We’re changing the conversation around death and dying to include life and living.


Our goal is to transform end-of-life planning into a rich opportunity for personal growth and community connection. We want you to check things off your to-do list and we want you to learn, grow and even find joy in the process.

Getting clear and communicating your priorities and wishes about your health and personal care, your legacy and after-death care planning as well as how you’ll be remembered, will foster your peace of mind and go a long way toward reducing anxiety, regret, and conflict.

When you consciously contemplate and connect with others around the reality of your mortality, it will change how you die—and how you live, right here, right now, and for the rest of your life.

Questions are at the heart of what we do.

If you knew you had limited time to live:

  • How would the reality of your mortality impact the way you live, now?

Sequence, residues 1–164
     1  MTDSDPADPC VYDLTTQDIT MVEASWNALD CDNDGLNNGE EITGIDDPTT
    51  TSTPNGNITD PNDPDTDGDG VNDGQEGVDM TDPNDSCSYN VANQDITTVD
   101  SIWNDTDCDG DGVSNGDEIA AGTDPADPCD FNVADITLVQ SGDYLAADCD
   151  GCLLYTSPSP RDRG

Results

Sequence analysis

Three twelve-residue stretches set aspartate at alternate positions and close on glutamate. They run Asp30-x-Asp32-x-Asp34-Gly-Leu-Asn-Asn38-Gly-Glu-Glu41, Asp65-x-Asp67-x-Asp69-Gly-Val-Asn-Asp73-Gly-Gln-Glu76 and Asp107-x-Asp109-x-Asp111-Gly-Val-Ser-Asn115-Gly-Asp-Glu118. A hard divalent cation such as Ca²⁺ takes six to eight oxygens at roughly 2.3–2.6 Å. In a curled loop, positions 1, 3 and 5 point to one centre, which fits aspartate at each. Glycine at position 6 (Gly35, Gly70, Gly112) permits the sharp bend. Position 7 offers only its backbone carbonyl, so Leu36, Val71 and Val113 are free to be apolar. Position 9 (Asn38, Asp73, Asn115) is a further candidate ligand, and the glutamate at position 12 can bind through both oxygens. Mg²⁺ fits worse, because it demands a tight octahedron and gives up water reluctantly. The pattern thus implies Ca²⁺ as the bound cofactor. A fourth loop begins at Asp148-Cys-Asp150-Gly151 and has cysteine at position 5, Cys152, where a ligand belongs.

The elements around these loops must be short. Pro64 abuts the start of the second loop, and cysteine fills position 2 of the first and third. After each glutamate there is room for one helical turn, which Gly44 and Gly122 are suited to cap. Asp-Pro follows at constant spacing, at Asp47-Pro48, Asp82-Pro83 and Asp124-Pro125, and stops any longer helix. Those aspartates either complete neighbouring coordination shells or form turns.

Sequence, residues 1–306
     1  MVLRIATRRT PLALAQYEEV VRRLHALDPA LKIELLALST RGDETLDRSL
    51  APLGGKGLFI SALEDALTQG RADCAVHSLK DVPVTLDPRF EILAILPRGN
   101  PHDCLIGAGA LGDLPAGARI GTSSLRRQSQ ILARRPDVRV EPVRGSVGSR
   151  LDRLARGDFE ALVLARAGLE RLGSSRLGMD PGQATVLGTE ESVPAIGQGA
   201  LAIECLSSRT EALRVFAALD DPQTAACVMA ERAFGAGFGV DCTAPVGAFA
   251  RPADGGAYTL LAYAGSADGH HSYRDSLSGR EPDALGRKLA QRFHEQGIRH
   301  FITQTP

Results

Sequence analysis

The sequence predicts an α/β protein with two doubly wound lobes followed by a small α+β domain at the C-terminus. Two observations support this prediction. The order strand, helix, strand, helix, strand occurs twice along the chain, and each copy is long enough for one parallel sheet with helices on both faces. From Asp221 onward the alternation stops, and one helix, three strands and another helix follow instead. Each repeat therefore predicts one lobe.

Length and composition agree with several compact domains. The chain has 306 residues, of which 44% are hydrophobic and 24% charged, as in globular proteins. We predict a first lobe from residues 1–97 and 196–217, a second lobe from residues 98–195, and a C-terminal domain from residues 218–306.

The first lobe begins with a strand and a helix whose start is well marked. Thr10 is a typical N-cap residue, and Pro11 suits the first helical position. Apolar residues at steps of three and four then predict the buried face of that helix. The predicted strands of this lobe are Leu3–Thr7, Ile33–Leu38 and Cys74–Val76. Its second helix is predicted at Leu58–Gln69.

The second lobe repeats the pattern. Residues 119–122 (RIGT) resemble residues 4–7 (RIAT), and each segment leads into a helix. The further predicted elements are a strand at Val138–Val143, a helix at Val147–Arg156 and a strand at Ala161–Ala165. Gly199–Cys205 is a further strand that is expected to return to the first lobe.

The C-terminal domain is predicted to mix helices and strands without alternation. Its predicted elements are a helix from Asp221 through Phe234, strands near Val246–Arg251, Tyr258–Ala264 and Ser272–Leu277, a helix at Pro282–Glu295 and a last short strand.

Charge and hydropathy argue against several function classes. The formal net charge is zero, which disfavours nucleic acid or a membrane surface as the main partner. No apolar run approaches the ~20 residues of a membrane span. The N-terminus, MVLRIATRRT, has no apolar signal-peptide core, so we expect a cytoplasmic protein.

• What would you do?
  • How would you want to feel?
  • How would you share your most important life lessons?
  • What attention would you give to seeking, bestowing or accepting forgiveness?

As a passionate lover of life, engaged and connected to your community:

  • What courageous conversations will you have?
  • What kind of goodbye ritual will reflect your authentic self?
  • What kind of ceremony can best support your grieving family and friends?
  • How will you continue to inspire people after you die?
  • What’s your legacy?

While doing your best to live mindfully and walk lightly on our planet:

  • How can your health and personal care wishes express your holistic values?
  • What role might family and community-led deathcare have in your planning?
  • How can you “green” all the choices associated with your death?
  • What is a green burial and what options exist in your community?
  • How can your death positively affect the planet?


Clients we’ve served